t Evolves from and is consistent with constructivist philosophies and theories; t Promotes study and investigation within authentic (i.e. realistic, meaningful, relevant, complex, and information-rich) contexts; t Encourages the growth of student responsibility, initiative, decision-making, and intentional learning; t Cultivates an atmosphere of knowledge-building learning communities that utilise collaborative learning among students and teachers; t Utilises dynamic, interdisciplinary, generative learning activities that promote high-level thinking processes (i.e. analysis, synthesis, problem-solving, experimentation, creativity, and examination of topics from multiple perspectives) to help students integrate new knowledge with old knowledge and thereby create rich and complex knowledge structures; and,

Increasingly, evidence is emerging that suggests that the majority of student learning takes place outside of the lecture or the seminar (O’Neil & McMahon, 2005). So how is this occurring? Is it accidental or has it been planned? There is often a misconception by staff and students that students need to be taught to learn, but this is simply not true. Admittedly there are some aspects of specific subjects that lend themselves more readily to being taught, such as an introduction to specific software programmes, but in the main students learn when they are interested in the topic. This is a simple truth, but if you really consider the implications, this realisation can be significant in impacting upon the way that learning activities and learning experiences are planned.

t Assess student progress in content and learning-to-learn through realistic tasks and performances. An effective learning environment has also been described as, a learning community that “includes the content taught, the pedagogical methods employed, the sequencing of learning activities, and the sociology of learning” (Collins, Brown, & Holum, 1991, p.6). Central to our understanding of learning environments is the utilisation of constructivist philosophies. These constructivist philosophies are exemplified by an approach that focuses on the construction of knowledge rather than the transmission of knowledge (Chaijaroen & Khanjak, 2008). It is now suggested that learning environments that help the student to develop the ability to construct knowledge and to learn by themselves are both effective and desirable (Deejring & Chaijaroen, 2011). To this end developing constructivist learning environments is one way in which this can be achieved. This constructivist approach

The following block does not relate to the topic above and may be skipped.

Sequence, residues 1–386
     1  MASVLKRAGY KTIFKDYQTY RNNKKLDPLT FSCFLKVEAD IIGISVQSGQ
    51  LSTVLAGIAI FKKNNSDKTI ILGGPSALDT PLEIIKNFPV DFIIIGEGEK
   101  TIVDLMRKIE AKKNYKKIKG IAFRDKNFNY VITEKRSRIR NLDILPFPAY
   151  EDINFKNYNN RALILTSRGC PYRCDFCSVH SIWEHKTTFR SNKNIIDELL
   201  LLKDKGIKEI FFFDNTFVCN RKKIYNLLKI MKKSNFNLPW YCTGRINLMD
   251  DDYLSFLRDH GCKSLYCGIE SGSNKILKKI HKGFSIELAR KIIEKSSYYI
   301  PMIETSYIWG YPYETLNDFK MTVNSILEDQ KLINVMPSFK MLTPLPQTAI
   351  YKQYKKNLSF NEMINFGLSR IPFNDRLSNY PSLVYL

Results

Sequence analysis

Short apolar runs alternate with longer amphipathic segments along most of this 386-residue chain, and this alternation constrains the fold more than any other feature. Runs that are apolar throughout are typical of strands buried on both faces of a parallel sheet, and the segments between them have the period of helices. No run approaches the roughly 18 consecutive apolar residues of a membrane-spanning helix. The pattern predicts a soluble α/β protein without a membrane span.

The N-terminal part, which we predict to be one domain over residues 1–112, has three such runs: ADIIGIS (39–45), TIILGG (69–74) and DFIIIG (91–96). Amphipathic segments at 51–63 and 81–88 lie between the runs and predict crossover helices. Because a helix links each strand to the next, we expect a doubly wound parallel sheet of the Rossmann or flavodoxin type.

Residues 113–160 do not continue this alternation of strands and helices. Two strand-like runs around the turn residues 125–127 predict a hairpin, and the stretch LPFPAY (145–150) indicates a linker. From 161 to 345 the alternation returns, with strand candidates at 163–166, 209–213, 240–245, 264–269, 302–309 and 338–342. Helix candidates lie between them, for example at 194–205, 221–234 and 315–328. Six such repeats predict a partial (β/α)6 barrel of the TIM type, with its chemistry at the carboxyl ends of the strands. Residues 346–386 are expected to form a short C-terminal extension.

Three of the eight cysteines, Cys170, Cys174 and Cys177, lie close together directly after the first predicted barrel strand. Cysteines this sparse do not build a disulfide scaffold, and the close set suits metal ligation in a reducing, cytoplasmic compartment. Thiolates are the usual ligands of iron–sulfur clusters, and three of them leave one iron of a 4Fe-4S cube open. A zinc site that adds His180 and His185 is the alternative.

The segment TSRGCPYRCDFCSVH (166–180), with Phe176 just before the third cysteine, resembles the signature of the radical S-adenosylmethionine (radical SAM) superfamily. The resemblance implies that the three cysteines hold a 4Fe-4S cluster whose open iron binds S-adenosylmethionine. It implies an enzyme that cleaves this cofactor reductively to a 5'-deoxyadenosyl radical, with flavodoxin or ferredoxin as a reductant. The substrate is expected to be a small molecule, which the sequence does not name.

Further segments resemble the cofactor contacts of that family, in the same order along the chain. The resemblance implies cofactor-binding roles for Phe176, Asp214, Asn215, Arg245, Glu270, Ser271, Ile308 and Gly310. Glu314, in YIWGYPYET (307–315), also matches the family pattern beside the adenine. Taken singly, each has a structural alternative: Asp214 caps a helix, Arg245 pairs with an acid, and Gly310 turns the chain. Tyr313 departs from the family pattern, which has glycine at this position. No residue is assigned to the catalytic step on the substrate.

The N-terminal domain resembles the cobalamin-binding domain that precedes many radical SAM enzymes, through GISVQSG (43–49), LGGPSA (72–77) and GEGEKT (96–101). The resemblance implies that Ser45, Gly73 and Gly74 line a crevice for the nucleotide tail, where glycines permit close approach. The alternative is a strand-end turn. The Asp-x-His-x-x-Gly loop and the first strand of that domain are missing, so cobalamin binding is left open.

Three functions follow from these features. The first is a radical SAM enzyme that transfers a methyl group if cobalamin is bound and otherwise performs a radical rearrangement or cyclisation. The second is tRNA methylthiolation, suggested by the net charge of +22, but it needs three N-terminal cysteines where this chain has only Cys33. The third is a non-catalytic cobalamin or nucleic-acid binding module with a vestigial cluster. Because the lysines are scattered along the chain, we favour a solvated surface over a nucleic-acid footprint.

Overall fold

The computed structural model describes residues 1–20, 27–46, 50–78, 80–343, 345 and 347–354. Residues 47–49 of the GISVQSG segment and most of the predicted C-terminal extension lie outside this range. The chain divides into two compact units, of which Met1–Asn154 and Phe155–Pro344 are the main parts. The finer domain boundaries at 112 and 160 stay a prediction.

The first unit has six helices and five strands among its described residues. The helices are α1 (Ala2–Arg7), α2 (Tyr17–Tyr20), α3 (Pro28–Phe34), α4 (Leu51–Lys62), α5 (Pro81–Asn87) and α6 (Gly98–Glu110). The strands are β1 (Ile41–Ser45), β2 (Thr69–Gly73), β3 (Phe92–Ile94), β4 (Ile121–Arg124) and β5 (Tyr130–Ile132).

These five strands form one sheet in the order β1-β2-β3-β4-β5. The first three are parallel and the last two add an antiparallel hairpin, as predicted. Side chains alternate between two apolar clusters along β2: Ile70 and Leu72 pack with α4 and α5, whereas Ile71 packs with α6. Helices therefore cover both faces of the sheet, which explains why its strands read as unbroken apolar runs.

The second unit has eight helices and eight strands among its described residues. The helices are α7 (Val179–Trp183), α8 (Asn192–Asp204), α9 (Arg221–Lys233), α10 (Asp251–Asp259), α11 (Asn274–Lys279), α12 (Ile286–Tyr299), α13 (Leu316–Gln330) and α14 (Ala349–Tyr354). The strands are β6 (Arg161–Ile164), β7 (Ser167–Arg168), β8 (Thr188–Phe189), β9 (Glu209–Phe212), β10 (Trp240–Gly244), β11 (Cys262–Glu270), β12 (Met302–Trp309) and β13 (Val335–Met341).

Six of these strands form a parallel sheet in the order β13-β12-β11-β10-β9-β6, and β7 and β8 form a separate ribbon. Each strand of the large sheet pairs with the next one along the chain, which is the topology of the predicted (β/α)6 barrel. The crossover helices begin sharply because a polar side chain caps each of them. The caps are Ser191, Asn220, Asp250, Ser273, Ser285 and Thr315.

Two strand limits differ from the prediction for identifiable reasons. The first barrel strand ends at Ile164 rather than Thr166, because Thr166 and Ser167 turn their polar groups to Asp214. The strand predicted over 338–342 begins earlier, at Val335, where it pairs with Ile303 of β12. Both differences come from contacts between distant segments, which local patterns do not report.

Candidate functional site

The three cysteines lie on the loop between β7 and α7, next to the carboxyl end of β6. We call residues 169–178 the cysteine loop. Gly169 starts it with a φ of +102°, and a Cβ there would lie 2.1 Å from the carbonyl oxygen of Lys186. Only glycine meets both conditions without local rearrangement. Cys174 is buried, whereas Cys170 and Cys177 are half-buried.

Building on this idea, one of the key responsibilities of academic staff should be to motivate and inspire the students to engage in learning (Bryson & Hand, 2007), then crucially look to facilitate and not to control the learning that takes place. In a lecture, students with iPads or laptops might become really interested in a specific idea, and as a result go online to find out more about it. At the end of that lecture the students might have learnt a lot about a topic, though it is not explicitly the learning that the academic member of staff was planning. So, significant learning 48

and implementation of the learning environment? Indeed, if you look at definitions of engaged learning in the literature they all suggest that students should be given an active role in the learning process (Wolf-Wendel, Ward & Kinzie, 2009). There is increasing evidence from a number of sources that suggests that students are looking to experience more integrated learning environments that are characterised by a greater embedding of ICT (NUS, 2010).